Thus, Lumbermen's Alliance argues that Phillips's outrage count failed to state a claim upon which relief can be granted and that it has a clear right to have the claim dismissed.
In response, Phillips notes that Dixon conceded at trial, through expert testimony, that he was at least partially disabled because of his work-related accident. Phillips argues that even if Dixon had won on appeal, that victory would have only lowered the amount of the weekly payments due him, and that Lumbermen's Alliance could not have escaped responsibility for some amount of payment during the time the appeal was pending.
Phillips contends that "Lumbermen's [Alliance] intentionally discontinued the payments in hopes that [he] would consent to a post-judgment settlement of his claim at terms far less favorable than Judge Robertson's order.
In Inmon, supra, this Court first recognized the tort of intentional infliction of emotional distress. We stated that in order to recover damages a plaintiff must show that the defendant's conduct was "so outrageous in character and so extreme in degree as to go beyond all possible bounds of decency, and to be regarded as atrocious and utterly intolerable in a civilized society.
This Court has recognized that a claim alleging the tort of outrage may be brought in a workers' compensation context.
However, in Continental Cas. This case does not involve a workers' compensation carrier's delay in paying an injured worker's medical bills, but, rather, the carrier's total cessation of its weekly payment of disability benefits to the worker; that cessation was made in reliance on a stay obtained by the worker's employer.
In Downey, an injured worker had broken his leg and suffered a permanent partial disability, yet was able to return to his same position of employment and to earn the same weekly wage as before his injury. Goodyear appealed that ruling, and this Court held that the supersedeas bond filed by Goodyear, in accordance with Ala.
It ensures that the party who has obtained a judgment will not be prejudiced by a stay of execution of the judgment pending the final determination of an appeal. Thus, in Downey, the granting of a stay to the employer upon the filing of a supersedeas bond did not alter the status quo; rather, it maintained it.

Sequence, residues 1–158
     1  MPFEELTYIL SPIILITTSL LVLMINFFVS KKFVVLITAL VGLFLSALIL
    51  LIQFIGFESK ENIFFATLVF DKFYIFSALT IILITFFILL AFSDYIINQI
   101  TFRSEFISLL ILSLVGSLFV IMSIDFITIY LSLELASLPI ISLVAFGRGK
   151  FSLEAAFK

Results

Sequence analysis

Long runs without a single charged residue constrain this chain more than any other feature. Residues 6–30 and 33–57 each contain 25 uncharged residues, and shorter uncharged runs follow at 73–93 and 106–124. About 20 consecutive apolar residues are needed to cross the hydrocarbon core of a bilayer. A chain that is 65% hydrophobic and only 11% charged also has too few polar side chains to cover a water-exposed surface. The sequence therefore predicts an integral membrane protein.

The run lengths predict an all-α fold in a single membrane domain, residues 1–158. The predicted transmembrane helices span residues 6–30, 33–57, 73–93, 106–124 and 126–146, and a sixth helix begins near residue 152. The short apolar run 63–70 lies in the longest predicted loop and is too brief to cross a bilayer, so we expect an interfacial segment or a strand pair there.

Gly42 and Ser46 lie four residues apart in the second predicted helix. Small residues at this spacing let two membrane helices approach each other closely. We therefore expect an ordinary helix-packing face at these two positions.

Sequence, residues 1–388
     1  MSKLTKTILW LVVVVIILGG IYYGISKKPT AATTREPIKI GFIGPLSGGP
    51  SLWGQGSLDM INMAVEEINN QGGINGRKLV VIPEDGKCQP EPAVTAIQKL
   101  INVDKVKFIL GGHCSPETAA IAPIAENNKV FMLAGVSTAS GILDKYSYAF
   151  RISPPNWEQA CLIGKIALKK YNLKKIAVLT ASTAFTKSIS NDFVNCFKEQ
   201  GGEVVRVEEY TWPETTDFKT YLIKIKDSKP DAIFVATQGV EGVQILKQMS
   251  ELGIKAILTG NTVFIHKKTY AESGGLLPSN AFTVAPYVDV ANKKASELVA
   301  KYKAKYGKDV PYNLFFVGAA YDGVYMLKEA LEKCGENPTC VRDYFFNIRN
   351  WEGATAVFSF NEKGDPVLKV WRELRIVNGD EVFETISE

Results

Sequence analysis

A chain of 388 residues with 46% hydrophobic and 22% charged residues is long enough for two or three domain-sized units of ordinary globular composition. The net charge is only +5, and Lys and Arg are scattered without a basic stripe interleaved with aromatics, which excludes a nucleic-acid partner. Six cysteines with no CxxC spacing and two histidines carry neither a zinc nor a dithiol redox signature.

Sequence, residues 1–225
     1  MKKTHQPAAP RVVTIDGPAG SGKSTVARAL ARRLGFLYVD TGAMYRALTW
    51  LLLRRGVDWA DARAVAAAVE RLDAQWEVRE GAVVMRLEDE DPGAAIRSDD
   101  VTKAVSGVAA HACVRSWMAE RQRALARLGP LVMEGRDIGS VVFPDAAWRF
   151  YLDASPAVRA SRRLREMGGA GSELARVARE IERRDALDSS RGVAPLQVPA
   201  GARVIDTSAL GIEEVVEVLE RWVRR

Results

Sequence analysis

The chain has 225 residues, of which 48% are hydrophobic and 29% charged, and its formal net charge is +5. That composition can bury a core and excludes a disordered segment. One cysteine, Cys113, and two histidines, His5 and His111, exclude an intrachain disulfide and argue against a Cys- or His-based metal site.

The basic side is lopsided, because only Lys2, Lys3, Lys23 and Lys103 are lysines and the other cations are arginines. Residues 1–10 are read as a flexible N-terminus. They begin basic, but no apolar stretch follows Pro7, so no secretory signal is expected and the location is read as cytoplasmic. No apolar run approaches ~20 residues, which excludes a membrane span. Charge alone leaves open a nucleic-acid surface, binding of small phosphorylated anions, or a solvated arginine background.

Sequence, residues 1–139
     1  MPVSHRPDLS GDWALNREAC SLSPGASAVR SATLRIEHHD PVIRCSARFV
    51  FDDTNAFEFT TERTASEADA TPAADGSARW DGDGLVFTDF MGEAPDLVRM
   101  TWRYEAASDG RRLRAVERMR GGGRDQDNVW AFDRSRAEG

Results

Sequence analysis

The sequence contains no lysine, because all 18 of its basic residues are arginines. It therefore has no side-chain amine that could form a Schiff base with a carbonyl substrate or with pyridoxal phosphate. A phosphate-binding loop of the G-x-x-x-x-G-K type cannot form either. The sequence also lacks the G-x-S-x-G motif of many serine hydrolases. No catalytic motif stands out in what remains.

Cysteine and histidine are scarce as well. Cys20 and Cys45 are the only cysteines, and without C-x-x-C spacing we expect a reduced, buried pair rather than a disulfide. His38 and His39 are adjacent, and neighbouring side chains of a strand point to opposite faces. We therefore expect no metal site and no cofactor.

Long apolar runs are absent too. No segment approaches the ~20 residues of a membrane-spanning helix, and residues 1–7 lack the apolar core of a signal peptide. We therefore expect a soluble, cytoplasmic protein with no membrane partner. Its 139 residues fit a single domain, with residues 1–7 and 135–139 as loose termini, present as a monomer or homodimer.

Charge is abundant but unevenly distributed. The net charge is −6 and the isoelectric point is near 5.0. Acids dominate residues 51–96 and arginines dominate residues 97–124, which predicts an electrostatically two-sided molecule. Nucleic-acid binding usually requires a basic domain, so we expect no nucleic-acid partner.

In contrast, in Phillips's workers' compensation case, which serves as the basis for his present claim against Lumbermen's Alliance, the action of Lumbermen's Alliance in stopping payment clearly disrupted the status quo, to the great disadvantage of Phillips.
However, Lumbermen's Alliance may have been acting within its legal rights when, in reliance on the stay, it totally discontinued workers' compensation payments to Phillips, if on appeal of the trial court's judgment in favor of Phillips Dixon raised a meritorious argument in support of its contention that Dixon was not obligated to pay Phillips any workers' compensation benefits.
On appeal, Dixon contested the degree of Phillips's disability and contended that "Phillips should be precluded from receiving workmen's compensation benefits because, [Dixon argued], he failed to pursue employment opportunities located for him by a rehabilitation nurse.Lumbermen's Underwriting Alliance k Plan is a defined contribution plan with a profit-sharing component and k feature.
This plan has a BrightScope Rating of 84, placing it in the top 15% of all plans in its peer group. Description: Lumbermens Pro Services is a Non-profit Organization Management company located in Smokey Point Dr 5a, Arlington, Washington, United States.
Furthermore, underwriting losses and decreased investment income have significantly reduced policyholder surplus in recent years, resulting in a lower level of risk-adjusted capitalization. 11 Lumbermen's Underwriting Alliance reviews. A free inside look at company reviews and salaries posted anonymously by employees/5(11). Alliance Shippers Inc. Alliant Energy Allied Exhaust Systems Inc. Allied Holdings Lumbermens Underwriting Allliance Lunda Construction Co. Lundbeck Canada Lupin Pharmaceuticals Inc ProBuild ProTradeNet Process Equipment Company Procter & Gamble Prodrive Engelhard LLC.